DONAL LENIHAN: New Zealand will improve, but so will Joe’s Ireland

With the much anticipated New Zealand test looming large in the background, the opening international of the November Guinness Series always had a bit of a matinee feel to it, the prelude to the main event.

Despite a fan-friendly 6.30pm kick off, the atmosphere was less than hostile when Nicholas Sanchez landed his kick off deep into Ireland’s 22.

A few hours earlier, Twickenham bristled as the strains of Sweet Chariot conspired to drown out TJ Perenara as he led the All Blacks in a passionate rendition of the players’ favourite version of the Haka, the Kapa O’pango.

It wasn’t the only thing drowned in a game played in a continuous downpour. One suspects that by the time New Zealand captain Kieran Reid stands at the arrowhead of a similar exercise at the Aviva Stadium next Saturday, the atmosphere will be just as raucous.

Joe Schmidt doesn’t entertain excuses but there were mitigating circumstances surrounding Ireland’s disappointing, off-colour showing against Argentina. Preparation — the bedrock of every Schmidt performance — was always going to be compromised in a build-up that saw his squad spread between Carton House in Kildare and Chicago.

With just two field sessions in the bag, Ireland were facing a hardy and grizzled opposition who had just come through six high-quality tests, against New Zealand, South Africa, and Australia, not to mention the 16 Super Rugby games played by a team manned entirely by players from the Jaguares.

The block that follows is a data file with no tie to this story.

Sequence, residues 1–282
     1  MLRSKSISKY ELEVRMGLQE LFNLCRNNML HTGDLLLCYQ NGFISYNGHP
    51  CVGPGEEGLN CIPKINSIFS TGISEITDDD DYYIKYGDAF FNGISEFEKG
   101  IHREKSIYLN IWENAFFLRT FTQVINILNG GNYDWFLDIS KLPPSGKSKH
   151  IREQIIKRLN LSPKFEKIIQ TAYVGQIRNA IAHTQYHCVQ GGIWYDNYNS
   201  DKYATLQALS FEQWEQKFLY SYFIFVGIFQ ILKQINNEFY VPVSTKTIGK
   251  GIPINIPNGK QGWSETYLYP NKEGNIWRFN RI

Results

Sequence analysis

In the circumstances, the 18-point spread the bookies offered the Pumas always appeared generous.

The deciding factor in the game proved to be the fragile nature of the Argentine scrum, a deficiency well flagged in advance. In the circumstances, Argentina were extremely fortunate there were only five scrums in the opening half and that 65 minutes had elapsed before the first scrum engagement of the second half took place.

You cannot hope to survive in international competition with an ailing scrum, especially when forced to pack down within 10 metres of your own line.

Presented with two such opportunities, Ireland delivered tries from scrum-half Kieran Marmion and his replacement Luke McGrath.


With the Argentinian back row committed to the scrum to aid their props, both half backs found an undefended path to the line. In the end, that proved the difference between the sides.

I have no doubt that recently-appointed head coach Mario Ledesma will address that scrum deficiency by the time the World Cup comes around given that he is sure to draft in at least three props currently plying their trade in Europe. In a pool alongside France and England, some big name is set to fall at the first hurdle.

While preparations for that World Cup has been the driving force for Schmidt for some time, the only objective on the horizon now is the showdown against his fellow countrymen next weekend. It should be fascinating.

Ledesma made the point, referring to New Zealand’s one-point win over England in his post-match press conference, that the All Blacks rarely play badly twice in a row.

True but neither do Ireland, not on Schmidt’s watch. There were so many aspects that were under par, not least, a lineout that suffered badly from the presence of a third second row in Guido Petti in the back row to augment the efforts of the outstanding pairing of Tomas Lavanini and Matias Alemanno.